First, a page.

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The modesty of the theologian

Dr. Herwi Rikhof - Director of the Thomas Instituut - on the importance of Thomas Aquinas.
What are your current activities?

I'm currently working as a professor in Systematic Theology at the Catholic Theological University in Utrecht (Katholieke Theologische Universiteit te Utrecht). I'm also president of a co-operation, called 'Christian Articles of Faith' (XART), a Dutch co-operation of dogmatic theologians, both protestant and catholic. Last year I lectured on Trinitarian Theology, Fundamental Theology, the Theology of Ordination and Ministry and two classes in the field of sacramental theology: a class dedicated to the text of De Sacramentis in Communi from Aquinas' Summa Theologiae and a methodological class about trinitarian theology, where we discussed Weinandy's book The Spirit of Sonship. The research on Thomas Aquinas I'm conducting has its main focus in Thomas' Trinitarian and sacramental theology, i.e. the nexus mysteriorum. I'm also doing research into the reception of the theology of Aquinas by M. Scheeben. This research is still in full progress so it's a bit early to indicate the results of this project.

Can you tell us the most important thing you've learned from Thomas Aquinas?

I think that Thomas Aquinas is an indispensable guide to what I would call "the modesty of the theologian". Thomas teaches us to be modest as theologians. Aquinas' own attitude is an excellent example of this modesty: he's always in discussion with the Tradition and with other theologians, as well as with himself.
He's always listening to other opinions, always trying to be even more precise, never afraid to change or adjust his own position or discoveries.
Aquinas teaches us that a theologian can never sit back and think his work is finished; a theologian always has to move on. Aquinas' modesty can also be detected in his continuing care to put God in the centre of theology. This may seem obvious, but in reality it's quite demanding! In theology there's always the risk of concentrating too much on secondary topics. Aquinas is always concerned to show the "mystery of God". For him, theology has to focus on this mystery of God; everything else is seen in connection with this mystery.

With which works of Aquinas are you most familiar?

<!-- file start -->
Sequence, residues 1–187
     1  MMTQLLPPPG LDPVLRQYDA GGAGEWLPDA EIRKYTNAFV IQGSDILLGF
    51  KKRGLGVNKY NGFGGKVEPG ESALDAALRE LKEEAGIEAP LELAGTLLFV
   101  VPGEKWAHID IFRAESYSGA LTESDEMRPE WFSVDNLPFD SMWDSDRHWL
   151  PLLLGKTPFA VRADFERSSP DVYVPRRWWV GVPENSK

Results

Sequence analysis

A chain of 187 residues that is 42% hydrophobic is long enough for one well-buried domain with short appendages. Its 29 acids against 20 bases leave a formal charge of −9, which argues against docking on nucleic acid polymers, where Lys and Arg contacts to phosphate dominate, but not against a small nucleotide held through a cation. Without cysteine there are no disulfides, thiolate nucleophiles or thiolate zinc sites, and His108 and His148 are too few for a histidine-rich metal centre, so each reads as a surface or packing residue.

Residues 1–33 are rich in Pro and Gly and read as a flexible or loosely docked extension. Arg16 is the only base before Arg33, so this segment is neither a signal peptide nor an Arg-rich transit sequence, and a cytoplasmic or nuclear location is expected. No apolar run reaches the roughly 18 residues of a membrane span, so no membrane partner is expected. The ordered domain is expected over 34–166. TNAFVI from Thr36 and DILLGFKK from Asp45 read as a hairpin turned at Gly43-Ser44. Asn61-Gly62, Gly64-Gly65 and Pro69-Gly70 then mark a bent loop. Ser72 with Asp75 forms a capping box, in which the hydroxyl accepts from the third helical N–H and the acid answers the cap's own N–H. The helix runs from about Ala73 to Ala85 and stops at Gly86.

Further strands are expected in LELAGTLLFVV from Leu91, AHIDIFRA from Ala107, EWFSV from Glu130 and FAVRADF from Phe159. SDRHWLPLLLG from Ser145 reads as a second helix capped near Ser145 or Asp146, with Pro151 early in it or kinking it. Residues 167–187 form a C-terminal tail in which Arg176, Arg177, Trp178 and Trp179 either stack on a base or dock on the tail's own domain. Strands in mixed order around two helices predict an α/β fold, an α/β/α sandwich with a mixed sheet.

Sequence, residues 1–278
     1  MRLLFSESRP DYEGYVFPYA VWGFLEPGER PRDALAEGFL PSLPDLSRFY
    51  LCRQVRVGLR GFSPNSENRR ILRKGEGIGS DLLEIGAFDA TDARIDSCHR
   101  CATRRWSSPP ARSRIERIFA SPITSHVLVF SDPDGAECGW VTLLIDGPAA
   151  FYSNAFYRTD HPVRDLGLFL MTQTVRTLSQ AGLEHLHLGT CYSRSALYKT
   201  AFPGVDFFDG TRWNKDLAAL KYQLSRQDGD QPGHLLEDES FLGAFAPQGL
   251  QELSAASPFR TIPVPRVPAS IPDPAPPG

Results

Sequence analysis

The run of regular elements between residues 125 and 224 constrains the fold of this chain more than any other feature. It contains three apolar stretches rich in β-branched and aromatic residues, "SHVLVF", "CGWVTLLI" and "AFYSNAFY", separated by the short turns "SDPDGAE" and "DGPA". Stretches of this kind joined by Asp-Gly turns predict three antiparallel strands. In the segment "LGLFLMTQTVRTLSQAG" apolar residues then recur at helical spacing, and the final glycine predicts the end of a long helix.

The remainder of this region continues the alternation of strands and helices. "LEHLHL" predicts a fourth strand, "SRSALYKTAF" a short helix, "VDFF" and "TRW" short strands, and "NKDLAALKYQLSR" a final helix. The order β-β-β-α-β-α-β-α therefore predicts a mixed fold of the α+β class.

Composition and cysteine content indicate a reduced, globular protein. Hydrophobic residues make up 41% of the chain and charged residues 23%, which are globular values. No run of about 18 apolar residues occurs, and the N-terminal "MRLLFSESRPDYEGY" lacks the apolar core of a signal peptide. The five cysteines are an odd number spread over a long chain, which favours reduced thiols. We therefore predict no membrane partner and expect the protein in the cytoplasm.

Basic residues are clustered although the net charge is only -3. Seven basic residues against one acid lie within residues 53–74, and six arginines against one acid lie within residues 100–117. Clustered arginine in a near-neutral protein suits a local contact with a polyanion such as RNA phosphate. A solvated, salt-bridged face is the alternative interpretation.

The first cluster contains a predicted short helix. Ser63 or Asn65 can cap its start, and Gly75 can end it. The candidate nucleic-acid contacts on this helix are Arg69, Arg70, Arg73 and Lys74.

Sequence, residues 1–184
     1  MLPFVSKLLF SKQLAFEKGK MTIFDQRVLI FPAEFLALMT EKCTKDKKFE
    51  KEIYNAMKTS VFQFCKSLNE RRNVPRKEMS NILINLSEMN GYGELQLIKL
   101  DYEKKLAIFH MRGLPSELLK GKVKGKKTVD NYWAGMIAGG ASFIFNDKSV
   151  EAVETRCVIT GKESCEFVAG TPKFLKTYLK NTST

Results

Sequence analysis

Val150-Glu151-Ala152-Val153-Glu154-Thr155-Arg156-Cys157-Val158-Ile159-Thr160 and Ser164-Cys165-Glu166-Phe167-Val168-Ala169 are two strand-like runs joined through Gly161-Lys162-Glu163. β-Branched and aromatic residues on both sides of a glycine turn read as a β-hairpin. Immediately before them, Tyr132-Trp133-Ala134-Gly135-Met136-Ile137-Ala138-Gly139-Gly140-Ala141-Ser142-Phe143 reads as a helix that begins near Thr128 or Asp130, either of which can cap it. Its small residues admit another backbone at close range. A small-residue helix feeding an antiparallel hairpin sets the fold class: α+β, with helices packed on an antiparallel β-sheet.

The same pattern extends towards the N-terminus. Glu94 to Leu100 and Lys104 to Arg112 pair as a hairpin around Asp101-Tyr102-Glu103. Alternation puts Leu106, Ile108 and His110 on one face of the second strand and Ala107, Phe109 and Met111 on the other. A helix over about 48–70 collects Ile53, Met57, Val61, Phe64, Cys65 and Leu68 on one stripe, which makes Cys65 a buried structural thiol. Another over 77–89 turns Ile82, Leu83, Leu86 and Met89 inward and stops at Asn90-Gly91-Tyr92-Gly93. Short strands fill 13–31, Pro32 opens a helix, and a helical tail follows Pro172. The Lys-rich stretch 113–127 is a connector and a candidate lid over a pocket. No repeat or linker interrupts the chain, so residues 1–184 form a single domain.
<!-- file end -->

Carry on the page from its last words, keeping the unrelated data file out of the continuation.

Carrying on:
Most of his systematic works, as well as some of his commentaries of the Scripture. In my opinion, a very intriguing work of Aquinas is his Summa contra Gentiles. Aquinas uses a completely different form to communicate his ideas than he does in for example the Summa Theologiae. Some parts of the Summa contra Gentiles are very beautiful. It has never become clear exactly why Aquinas wrote this work. It's different from the rest, and very intriguing indeed!

What is, in your opinion, the importance of research on Thomas Aquinas for contemporary theology?

First of all, I would like to stress again the importance of his constant attention to the "mystery of God" as the centre of all theology. Secondly, I think that Aquinas often pays attention to things that contemporary theology sometimes tends to forget. Theological research nowadays is often concerned about the historical dimension of theology. This might overshadow the fact that there is also something like "contemplative theology". A third, very important insight is the importance of language when you are doing theology. Aquinas is paying a lot of attention to the language we use in theology. And he also defines the boundaries of this language. This consciousness of the possibilities and the limitations of our (theological) language is very important in theology.

Are there any contemporary insights that influence your research on Thomas Aquinas?

I think that we have become more aware, not only of the possibilities of Aquinas' thinking, but also of its limitations. There are a lot of things Thomas hasn't done. In Trinitarian theology, for example, we would have to discuss many more different topics nowadays than Aquinas did in his time. Another thing is, that quite a few things remain implicit in Aquinas' theology, whereas we have to treat these things in a much more explicit manner today. The current attention to history and Scripture helps us to see that Aquinas implicitly uses Scripture as the basis of his theological thinking. A lot of the concepts he works out are in fact tools to get a better understanding of what we read in the Scripture.

How do you see the work of the Thomas Instituut now, and its development in the future?

In my opinion, one of the main tasks of our Institute is to stimulate and co-ordinate the research on the works of Thomas Aquinas. I think it's very important that our Institute has been acknowledged by the Catholic Theological University as an Institute of the University. But at the same time I realise that there is still much to be done: developing plans for new research-projects, stimulating current research and trying to attract new people to work on Aquinas.
Two new projects are very important at the moment. We are beginning a series of Dutch translations of works of Thomas Aquinas, and Professor J. Wissink is working on a publication about Thomas Aquinas aimed at a larger audience. So, we have, in fact, two important aims: to assure continuous research on Thomas Aquinas and to make our findings available to a larger audience interested in theology and spirituality.

Roderick Vonhögen